(3) My father is one the world’s leading authorities on life after death or near-death experiences.

(4) My sister - technically my half-sister - is half black, my mother having broken what were some serious taboos back in the early 1960s.

(5) I can speak pretty decent German.  

(6) In addition to Connecticut, I’ve lived in Key West, Boston, Cape Cod, Portland, Maine, London, Amsterdam, Toronto, Zurich, New York City, and Long Beach, California.

(7) I’ve hiked over 200 miles of the Appalachian Trail.

(8) I’ve traveled to, among many other places, Malta and Madrid, Poland and India, Kazakhstan and Uzbekistan.

(9) I’ve been a dishwasher, a bus driver, a flower delivery person, a parking lot attendant, a deputized official of the town of Wellfleet, a waiter, a tour guide, an English teacher, a graduate student, a consultant, a marketing director, a systems analyst, and only just recently a boarding school librarian.

(10) I grew nearly 5 inches during the summer between my junior and senior year of high school.

(11) I’ve run a marathon - in a nor’easter storm.

(12) One summer while working in a lumber yard, I was the unfortunate victim of a forklift accident and broke this arm in half.

(13) I was one half of a tandem team that amazed crowds as I could throw grapes well over 150 feet so accurately my friend could catch them in his mouth.  

(14) For several years, I often wore a large afro wig to big events - parades, road races, and even my own wedding reception.

(15) And here’s something else most of you don’t know:  I moved to Pomfret about three years ago shortly after the most trying circumstance of what had been an otherwise carefree and adventurous life.

As some most certainly know, life is a weird and wondrous thing. After spending the first 17 years of my life in rural northeastern Connecticut, I was quite determined to leave and didn’t think it likely I’d ever return to live. But life rarely goes according to plan. Some 17 years after leaving Connecticut I ended up marrying Linda - a woman who, while raised in Texas, had ancestral Pomfret roots. In fact, going back several generations, Linda’s third great aunt’s husband, Charles Grosvenor, sold the very land upon which this chapel was built to one William Peck, Pomfret School’s founder and first headmaster. Charles Grosvenor's wife was Elizabeth Mathewson who - now pay close attention here - was the sister of Edward, who was the father of Henry, the father of Jane, who was the mother of Polly: Linda’s mother.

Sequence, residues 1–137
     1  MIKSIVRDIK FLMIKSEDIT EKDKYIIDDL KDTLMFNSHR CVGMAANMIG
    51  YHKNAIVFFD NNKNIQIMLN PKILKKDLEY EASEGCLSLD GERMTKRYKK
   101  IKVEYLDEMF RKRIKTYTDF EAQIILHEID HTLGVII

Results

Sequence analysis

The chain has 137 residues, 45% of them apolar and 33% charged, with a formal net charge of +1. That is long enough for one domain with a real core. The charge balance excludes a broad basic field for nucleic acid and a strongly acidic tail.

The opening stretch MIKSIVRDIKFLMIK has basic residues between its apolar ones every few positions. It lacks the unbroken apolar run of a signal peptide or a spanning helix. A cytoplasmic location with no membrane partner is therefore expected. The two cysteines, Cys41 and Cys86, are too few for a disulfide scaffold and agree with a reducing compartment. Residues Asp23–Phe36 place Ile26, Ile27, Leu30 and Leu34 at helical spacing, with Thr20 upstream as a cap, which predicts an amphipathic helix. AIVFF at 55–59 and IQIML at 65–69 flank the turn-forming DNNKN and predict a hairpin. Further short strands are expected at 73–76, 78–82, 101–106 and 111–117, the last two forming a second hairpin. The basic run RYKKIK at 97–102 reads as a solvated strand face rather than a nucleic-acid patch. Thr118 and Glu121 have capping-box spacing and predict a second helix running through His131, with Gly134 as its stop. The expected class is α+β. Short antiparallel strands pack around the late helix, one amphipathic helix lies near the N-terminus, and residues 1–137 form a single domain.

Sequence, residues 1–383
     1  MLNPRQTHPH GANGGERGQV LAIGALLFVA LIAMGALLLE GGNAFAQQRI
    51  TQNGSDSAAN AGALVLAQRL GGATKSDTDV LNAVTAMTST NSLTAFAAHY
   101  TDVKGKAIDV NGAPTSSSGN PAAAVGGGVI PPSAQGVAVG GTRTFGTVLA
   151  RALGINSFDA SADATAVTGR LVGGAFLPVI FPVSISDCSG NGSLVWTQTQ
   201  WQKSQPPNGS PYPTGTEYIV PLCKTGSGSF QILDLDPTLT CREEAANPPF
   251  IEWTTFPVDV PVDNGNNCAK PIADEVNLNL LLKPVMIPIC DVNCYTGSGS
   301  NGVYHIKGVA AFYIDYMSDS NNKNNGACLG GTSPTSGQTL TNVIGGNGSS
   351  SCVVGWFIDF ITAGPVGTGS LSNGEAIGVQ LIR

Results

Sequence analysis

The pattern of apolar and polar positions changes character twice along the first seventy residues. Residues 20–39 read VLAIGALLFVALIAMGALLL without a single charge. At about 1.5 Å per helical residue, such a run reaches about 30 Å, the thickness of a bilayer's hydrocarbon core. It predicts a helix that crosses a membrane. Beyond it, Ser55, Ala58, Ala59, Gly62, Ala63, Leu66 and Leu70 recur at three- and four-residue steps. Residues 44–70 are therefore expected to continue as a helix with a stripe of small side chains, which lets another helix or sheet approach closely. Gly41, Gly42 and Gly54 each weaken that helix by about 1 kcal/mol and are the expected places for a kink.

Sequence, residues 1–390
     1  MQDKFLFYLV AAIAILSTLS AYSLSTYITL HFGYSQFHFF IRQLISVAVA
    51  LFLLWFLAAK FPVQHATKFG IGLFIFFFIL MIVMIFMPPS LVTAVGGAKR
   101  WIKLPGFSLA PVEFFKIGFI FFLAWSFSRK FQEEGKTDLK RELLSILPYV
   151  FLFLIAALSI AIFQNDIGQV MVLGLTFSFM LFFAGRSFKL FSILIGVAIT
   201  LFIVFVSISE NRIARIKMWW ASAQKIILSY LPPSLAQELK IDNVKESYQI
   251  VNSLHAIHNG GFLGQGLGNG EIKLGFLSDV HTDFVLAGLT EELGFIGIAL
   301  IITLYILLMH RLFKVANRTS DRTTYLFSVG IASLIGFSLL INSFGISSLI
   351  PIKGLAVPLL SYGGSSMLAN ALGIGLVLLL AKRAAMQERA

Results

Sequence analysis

My in-laws live just down the road from here on what Pomfret old timers still know as the Mathewson Farm. Many of the Mathewsons are buried in a family plot in a nearby cemetery few of you have probably ever noticed, though all of you have surely driven past. The Pomfret Street Cemetery is just a hundred yards down the hill from the Vanilla Bean on the road leading to Putnam; it’s nearly across the street from the Xtra Mart. There’s a small white sign near the road away from which leads a rarely traveled grass covered path. It passes through the heavy, but never locked iron gates to the small and infrequently visited graveyard. On sunnier autumn mornings, the often-overgrown grass is wet with dew; light trickles through the canopy of leaves and illuminates the mostly ancient stones. Many engravings are hard to read: weather worn, beaten by years of sun, snow, wind and rain. The Mathewson plot is toward the southeast corner, where a prominent, and no doubt expensive marker notes the location of the family. There you’d find, among many Mathewsons, Darius, George, Amaryllis, Hannah, Helen, Henry, Edward, and Elinor. Linda’s beloved grandmother, Jane Mathewson Bush, who went by the term of endearment ‘Newie’ has one of the newest headstones. She died just over 20 years ago in 1992. 

But Newie’s grave is not the most recent one in the Pomfret Street Cemetery. Buried next to Newie, underneath a marker installed just a few years ago is another Mathewson descendant: our son, Leonardo Mathewson Ring. 
Leo only has but one date on his stone - for he was dead the day he was born, July 20th, 2009 - one month shy of his due date.

Before this event, I often delineated my life into chapters: my youth, college, Boston, Europe, and so forth. Now I divide my life into two parts. Before Leo and After. Leo’s absence - and his presence - continues to guide my life. But for you to truly understand - and I hope benefit from this story - you ought to hear about the wondrous circumstances of his birth.

Linda and I got married when we were each 34 years old - just over eight years ago. We were older than some newlyweds, but certainly not old. We looked forward to having a family, something we’d talked about while we were dating and engaged. However, after a year of not having any success, we grew concerned. We sought medical help. We were examined inside and out, poked, prodded and pricked; our genes scanned for abnormalities and our personal histories scoured for clues. Our medical histories were laid bare before us and our medical inquisitors; no stone - or kidney - was left unturned. After months of examinations, the result of all the testing was that they couldn’t find anything wrong with us. Nothing. As far as the doctors were concerned there was no known medical reason for our not getting pregnant. It’s what maddeningly known as “unexplained infertility” and about as unsatisfying an answer as one could get.